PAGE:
International reports revealed that the energy production in China grows by 45 percent while consumption increases by 41 percent between 2016 and 2040, much faster than the worldwide rise of 34 percent and 35 percent respectively. The experts mentioned in a report that China’s share in international energy demand grows from 23 percent during 2016 to 24 percent in 2040, while its growth shares is 27 percent to the global net increase. Different sources stated that China is the most populous country with 1.4 billion people. It has 6 cities with over 10 million people and an additional 13 urban centres greater than 5 million.
|Energy Outlook– China|
|Details||Level||Shares (%)||Change (abs.)||Change (%)||Change (annual) (%)|
|Primary energy consumption (units in mtone unless otherwise noted)|
|Renewables (including biofuels)||88||784||3||18||88||696||>1000||789||>10||9.5|
China’s mega cities have grown because of the mass migration of people from rural to urban life. Economists urged that the population shift has driven the stunning transformation of the Chinese economy. As people shifted to the cities, the country’s industrial output, productivity, wealth and energy demand all increased. International reports also mentioned that China’s energy mix continues to evolve with coal’s dominance falling from 62 percent in 2016 to 36 percent during 2040 and natural gas nearly doubling to 13 percent; renewables’ share grows from 3 percent during 2016 to 18 percent during 2040. Among fossil fuels demand expands for oil (+28 percent) and gas (+194 percent) while coal demand falls slightly (-18 percent). Renewables in power (+789 percent), nuclear (+574 percent) and hydro (+32 percent) also grow quickly. Coal demand peaked in 2013.
However, China remains the global largest consumer of coal throughout the outlook, accounting for 41 percent of worldwide coal demand in 2040. Energy production as a share of energy consumption grows from 80 percent in 2016 to 82 percent by 2040. Nuclear rises by 8 percent p.a. from 2016 to 2040, and China accounts for 36 percent of worldwide nuclear generation in 2040. China’s population is predicted to plateau, but with 40 percent of people still living in the countryside, the United Nations predicts the cities will increase for another 20 years. Because of the ongoing urbanization trend and low per-capita energy use ̶ the average Chinese person uses about 60 percent of the Japanese products – most analysts expect the Middle Kingdom’s energy consumption will keep rising for some time. The Chinese government is aggressively promoting electric cars with carrots (such as subsides for consumers) and sticks (fines for manufactures that miss their zero-emission vehicle quotas). It is said that last year 24 million new combustion engine cars hit the road, compared to almost 580,000 EVs.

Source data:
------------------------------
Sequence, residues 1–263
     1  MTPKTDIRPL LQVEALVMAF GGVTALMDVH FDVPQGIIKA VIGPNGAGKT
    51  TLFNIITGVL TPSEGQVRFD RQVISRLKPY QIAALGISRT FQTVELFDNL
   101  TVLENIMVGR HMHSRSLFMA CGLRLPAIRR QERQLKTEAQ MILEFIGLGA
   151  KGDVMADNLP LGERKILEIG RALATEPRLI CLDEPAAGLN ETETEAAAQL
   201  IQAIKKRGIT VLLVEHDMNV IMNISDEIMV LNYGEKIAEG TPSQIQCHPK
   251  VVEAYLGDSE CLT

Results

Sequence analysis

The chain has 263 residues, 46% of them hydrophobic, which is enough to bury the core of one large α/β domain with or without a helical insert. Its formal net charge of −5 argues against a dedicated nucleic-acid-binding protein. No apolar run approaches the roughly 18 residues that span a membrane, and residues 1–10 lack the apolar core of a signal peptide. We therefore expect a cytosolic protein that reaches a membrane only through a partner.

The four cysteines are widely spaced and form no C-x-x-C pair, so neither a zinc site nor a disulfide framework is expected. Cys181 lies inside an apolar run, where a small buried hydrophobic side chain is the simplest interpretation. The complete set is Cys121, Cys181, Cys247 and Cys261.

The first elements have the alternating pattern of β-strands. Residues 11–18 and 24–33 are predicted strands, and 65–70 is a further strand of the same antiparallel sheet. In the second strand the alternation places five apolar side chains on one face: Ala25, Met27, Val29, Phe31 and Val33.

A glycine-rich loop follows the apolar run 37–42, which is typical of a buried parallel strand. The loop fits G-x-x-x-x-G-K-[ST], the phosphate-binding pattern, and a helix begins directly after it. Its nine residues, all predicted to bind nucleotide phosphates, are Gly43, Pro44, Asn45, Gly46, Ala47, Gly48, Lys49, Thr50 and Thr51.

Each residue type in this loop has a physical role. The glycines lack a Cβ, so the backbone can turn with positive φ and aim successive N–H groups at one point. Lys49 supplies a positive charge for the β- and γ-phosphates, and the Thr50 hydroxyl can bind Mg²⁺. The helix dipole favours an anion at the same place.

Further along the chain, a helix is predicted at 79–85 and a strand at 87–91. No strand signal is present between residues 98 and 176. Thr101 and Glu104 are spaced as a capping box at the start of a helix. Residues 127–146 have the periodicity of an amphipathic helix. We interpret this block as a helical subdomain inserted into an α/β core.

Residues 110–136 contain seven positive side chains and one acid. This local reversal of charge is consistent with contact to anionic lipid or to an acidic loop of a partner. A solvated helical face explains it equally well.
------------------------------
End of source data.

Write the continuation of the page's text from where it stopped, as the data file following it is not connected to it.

Although the government has targets to ramp up sales in the future, at this point an electric car tipping point still seems a long way off. One difference between China and other states is the number of electric cars that are part of commercial fleets. One example is a ride hailing service called Caocao. Their fleet is supplied by EV manufacturer Geely, who is also an investor. It is also reported that in Shenzhen over half the taxis are electric and the expectation is that all of them will be in the next few years. The rapid grow of the electric bus fleet has been supported by government subsidies geared at enhancing local air quality. Although funding for these programs has been cut back presently, the fleets are still rising. China almost all the city buses could be electric. Nevertheless, oil demand in the bus segment is comparatively small. In total, including long distance haulers, this mode of transport only consumes in the range of 500,000 bbls/d of crude oil or 4 percent of China’s total demand.
International report also reported that by 2040 China is the second largest shale gas producer, after the US, growing to 22 Bcf/d by 2040. Oil import dependence grows from 63 percent in 2016 to 72 percent in 2040. Gas dependence grows from 34 percent to 43 percent in 2040. The statistics also show that with the economy growing by 115 percent from 2016 to 2040, China’s energy intensity falls by 34 percent. Carbon emissions from energy use peak in 2026. Renewables enlarge quickly, growing by 9.5 percent p.a. to 2040, and accounting for 31 percent of global renewables by then.